And to think that Myrna and Cozette are busy working on selecting new gardens for 2012 now! That means the cycle begins again. Before you know it I’ll be working on the ticket booklet again.
A huge thanks to Jean L. and Georgia Q. for their careful selection of the 2011 gardens, to Joanne D. and Cindy F. for their Garden Faire leadership, to Evelyn M. and Beverly M. for their well-orchestrated coordination of the day’s activities and of course, Mildred R. for allowing us to include her garden in the tour again! AND I can’t forget each and every one of you that helped in any way with the many tasks (both short term and long term) that are required to put on such a successful event. WAY TO GO. WOW.
I can’t wait to see all of you again in September. Let’s celebrate!
In a magazine that I was recently reading, I found a tip that I’m going to give a try. I’ve got a drawer full of plant ID tags. Each year I think I’m going to get organized and draw out my yard’s master plan complete with ID of plants. Then plot out what I need to do each season to them.
The picture shows a doable way to organize the dozens of plant tags which have accumulated in my drawer. Wonder if I might even be able to organize it by making rings of tags for the trees, shrubs, perennials, etc.? Best ask me…..but wait for the winter months, I’m having too much fun digging, weeding, and enjoying the sunshine to get organized right now!
SUMMER WATERING TIPS
Since conservation is part of the McMinnville Garden Club pledge, here are a few ways that we can do our part to conserve water while improving plant health:
Water during the cool, morning hours. Watering mid-day allows water loss to evaporation and can blister tender leaves, when sunny. Watering in the evening invites slugs to the party.
If you water with a hose, always check the temperature of the water on the inside of your wrist, (the baby bottle test) to be sure it is not too hot. A hose left in the sun will push hot water out first and scald leaves.
Give plants what they need. Over-watering can lead to root rot, while under-watering can lead to plant wilt. Both can lead to plant death.
Group pots together to help plants stay cool and ease hand-watering.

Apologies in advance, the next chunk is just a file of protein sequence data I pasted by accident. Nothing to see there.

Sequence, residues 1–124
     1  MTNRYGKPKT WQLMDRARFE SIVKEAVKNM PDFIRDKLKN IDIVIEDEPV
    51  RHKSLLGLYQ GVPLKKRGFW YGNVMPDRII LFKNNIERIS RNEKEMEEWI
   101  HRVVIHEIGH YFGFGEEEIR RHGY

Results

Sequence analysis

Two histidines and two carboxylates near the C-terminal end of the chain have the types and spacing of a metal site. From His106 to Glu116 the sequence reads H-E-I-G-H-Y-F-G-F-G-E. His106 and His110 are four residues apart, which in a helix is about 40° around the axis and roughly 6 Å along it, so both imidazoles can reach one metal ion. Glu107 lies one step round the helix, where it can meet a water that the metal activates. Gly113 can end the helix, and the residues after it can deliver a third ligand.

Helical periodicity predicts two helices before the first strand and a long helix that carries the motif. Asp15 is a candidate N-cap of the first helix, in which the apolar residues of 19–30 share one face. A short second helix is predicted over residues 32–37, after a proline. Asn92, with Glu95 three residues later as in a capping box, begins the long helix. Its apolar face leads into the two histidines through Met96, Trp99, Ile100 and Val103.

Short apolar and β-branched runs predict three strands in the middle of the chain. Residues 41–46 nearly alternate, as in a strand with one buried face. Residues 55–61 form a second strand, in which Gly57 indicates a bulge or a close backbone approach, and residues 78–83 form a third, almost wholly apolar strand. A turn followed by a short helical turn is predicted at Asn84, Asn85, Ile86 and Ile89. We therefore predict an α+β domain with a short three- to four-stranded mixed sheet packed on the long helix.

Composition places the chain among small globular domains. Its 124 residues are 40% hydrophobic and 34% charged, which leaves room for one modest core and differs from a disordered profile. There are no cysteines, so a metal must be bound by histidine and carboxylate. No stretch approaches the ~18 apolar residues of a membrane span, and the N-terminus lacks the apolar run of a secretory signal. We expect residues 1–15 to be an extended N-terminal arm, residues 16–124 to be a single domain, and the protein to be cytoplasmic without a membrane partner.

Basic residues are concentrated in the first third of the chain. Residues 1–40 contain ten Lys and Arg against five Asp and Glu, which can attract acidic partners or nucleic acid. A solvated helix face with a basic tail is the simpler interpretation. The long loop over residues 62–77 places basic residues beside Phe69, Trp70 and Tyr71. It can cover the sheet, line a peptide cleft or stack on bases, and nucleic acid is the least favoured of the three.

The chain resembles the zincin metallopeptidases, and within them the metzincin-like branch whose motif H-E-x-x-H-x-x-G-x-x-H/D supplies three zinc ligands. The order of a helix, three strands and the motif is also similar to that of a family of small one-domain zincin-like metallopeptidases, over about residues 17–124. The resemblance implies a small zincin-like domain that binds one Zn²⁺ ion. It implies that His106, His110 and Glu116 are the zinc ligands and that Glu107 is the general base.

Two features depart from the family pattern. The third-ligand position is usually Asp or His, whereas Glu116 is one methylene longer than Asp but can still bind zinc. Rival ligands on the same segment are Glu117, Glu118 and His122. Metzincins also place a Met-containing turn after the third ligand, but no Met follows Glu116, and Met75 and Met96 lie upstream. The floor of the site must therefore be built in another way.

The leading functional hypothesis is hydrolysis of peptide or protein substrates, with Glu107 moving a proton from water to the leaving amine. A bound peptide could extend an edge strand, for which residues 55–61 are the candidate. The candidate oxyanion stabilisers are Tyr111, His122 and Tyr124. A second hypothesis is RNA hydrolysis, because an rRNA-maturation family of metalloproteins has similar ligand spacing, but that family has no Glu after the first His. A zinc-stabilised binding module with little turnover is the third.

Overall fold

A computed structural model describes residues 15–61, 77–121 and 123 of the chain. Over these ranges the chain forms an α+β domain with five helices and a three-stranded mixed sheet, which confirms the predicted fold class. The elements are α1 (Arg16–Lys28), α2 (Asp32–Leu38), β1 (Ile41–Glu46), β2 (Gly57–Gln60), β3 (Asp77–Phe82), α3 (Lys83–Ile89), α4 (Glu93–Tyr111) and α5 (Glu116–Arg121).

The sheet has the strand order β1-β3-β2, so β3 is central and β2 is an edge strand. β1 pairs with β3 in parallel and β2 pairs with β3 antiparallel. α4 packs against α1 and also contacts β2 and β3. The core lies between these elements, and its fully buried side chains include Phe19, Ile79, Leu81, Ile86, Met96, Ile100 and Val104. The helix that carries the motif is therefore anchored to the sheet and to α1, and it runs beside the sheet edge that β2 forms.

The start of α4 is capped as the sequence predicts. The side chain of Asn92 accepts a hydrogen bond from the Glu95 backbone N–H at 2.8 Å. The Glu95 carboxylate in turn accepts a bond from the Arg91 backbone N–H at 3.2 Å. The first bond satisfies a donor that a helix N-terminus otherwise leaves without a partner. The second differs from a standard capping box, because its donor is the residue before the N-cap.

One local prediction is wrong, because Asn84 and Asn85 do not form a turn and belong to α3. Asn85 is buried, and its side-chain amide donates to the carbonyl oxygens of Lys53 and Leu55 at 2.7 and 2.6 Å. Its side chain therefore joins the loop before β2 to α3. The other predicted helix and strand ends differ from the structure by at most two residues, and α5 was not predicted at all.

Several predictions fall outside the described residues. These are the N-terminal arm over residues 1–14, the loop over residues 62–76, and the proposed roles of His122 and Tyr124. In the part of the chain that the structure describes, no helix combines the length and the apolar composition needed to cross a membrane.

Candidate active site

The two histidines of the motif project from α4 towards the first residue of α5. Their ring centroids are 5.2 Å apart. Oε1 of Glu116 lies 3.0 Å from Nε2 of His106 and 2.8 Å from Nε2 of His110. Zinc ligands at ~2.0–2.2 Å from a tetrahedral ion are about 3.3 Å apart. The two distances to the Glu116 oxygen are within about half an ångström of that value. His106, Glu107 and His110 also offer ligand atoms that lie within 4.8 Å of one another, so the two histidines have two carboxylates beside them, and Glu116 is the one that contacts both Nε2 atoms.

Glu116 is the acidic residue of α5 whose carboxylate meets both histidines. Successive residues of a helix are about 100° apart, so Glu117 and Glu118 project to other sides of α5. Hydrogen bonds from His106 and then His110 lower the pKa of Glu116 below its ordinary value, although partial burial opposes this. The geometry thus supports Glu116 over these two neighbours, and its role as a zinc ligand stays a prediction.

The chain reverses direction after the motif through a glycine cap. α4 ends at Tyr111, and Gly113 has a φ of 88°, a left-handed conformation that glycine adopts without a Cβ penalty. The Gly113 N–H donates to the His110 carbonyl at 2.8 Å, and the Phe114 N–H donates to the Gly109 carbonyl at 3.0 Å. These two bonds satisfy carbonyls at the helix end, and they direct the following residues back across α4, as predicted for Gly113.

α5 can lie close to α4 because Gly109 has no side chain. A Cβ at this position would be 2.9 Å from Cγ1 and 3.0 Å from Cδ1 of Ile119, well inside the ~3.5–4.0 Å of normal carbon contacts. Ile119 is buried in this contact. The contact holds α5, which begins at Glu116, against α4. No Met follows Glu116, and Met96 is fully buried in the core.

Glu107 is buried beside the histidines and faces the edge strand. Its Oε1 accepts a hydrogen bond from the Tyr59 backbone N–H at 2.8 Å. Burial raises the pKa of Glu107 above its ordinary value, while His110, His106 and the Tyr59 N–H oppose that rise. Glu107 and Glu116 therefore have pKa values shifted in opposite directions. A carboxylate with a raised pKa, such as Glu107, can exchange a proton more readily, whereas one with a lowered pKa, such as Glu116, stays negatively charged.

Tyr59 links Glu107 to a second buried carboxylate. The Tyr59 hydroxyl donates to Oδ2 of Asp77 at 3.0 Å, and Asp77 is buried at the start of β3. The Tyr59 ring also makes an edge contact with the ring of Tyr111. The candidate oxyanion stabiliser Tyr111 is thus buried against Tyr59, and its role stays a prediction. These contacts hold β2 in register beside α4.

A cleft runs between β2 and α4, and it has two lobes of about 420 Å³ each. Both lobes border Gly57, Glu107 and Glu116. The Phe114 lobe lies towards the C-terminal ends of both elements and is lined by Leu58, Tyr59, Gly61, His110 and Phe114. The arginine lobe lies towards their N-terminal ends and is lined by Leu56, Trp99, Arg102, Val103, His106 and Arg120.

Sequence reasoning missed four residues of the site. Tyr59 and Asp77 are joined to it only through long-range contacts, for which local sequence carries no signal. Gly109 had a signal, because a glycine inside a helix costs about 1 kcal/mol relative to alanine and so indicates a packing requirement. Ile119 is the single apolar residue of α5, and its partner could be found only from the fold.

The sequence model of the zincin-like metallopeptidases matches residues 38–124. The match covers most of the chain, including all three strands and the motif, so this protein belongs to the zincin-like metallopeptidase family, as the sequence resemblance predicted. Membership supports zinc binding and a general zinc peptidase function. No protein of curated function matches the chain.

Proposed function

Offer partial shade for potted plants that sit on south/west-facing decks and patios. Summer temperatures can practically “cook” them in their pots, as there is not enough soil to protect the roots as there would be if they were in the ground. If you can’t shade the area or move the pots, be sure plants are well-watered and shield (newspaper layer, tarp or blanket) the pots themselves to help plant roots stay cool and prevent desiccation.
Grass that is watered daily develops a shallow root system. However, grass that is watered deeply but less frequently develops a deeper, stronger root system that allows it to find water within the soil profile during times of draught. Wean your lawn back gradually. You’ll still have a nice lawn, save money on the water bill, and reduce the potential for plant diseases, earwigs, and slugs!
A Gardener’s Blessing
May the bunnies never nibble
on your young and tender shoots,
May your transplants settle in
and put down hardy roots,
May your weeds come out real easy
and your lawn be fungus-free,
May you never put your back out
or inhale a bumblebee,
May your roses never stab you
or your hoses spring a leak,
And may everyone come calling
when your garden’s at its peak,
May you never grow too weary
as you toil for hours and hours,
And may you never be too busy
to stop and smell the flowers!
- Dan Heims, “The Garden Clerk’s Dictionary”
Websites to Explore:
Pioneer District Newsletter
Questions and Answers
Barbara Blosssom’s plant combinations blog